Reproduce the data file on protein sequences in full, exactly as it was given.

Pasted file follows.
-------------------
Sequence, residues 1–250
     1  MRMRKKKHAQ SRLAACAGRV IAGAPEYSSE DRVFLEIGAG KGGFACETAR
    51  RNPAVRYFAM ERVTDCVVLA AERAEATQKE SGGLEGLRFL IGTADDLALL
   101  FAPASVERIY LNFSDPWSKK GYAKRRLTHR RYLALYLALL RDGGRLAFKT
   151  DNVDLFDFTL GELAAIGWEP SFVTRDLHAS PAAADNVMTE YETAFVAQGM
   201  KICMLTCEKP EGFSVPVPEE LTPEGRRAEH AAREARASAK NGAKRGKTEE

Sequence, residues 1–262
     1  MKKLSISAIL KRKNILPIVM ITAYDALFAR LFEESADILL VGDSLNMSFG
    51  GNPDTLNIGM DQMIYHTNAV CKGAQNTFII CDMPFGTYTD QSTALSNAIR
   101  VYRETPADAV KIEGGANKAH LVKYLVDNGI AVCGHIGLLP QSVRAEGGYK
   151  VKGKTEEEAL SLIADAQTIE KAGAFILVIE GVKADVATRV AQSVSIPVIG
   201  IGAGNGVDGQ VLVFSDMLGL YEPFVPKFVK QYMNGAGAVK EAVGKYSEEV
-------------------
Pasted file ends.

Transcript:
Sequence, residues 1–250
     1  MRMRKKKHAQ SRLAACAGRV IAGAPEYSSE DRVFLEIGAG KGGFACETAR
    51  RNPAVRYFAM ERVTDCVVLA AERAEATQKE SGGLEGLRFL IGTADDLALL
   101  FAPASVERIY LNFSDPWSKK GYAKRRLTHR RYLALYLALL RDGGRLAFKT
   151  DNVDLFDFTL GELAAIGWEP SFVTRDLHAS PAAADNVMTE YETAFVAQGM
   201  KICMLTCEKP EGFSVPVPEE LTPEGRRAEH AAREARASAK NGAKRGKTEE

Sequence, residues 1–262
     1  MKKLSISAIL KRKNILPIVM ITAYDALFAR LFEESADILL VGDSLNMSFG
    51  GNPDTLNIGM DQMIYHTNAV CKGAQNTFII CDMPFGTYTD QSTALSNAIR
   101  VYRETPADAV KIEGGANKAH LVKYLVDNGI AVCGHIGLLP QSVRAEGGYK
   151  VKGKTEEEAL SLIADAQTIE KAGAFILVIE GVKADVATRV AQSVSIPVIG
   201  IGAGNGVDGQ VLVFSDMLGL YEPFVPKFVK QYMNGAGAVK EAVGKYSEEV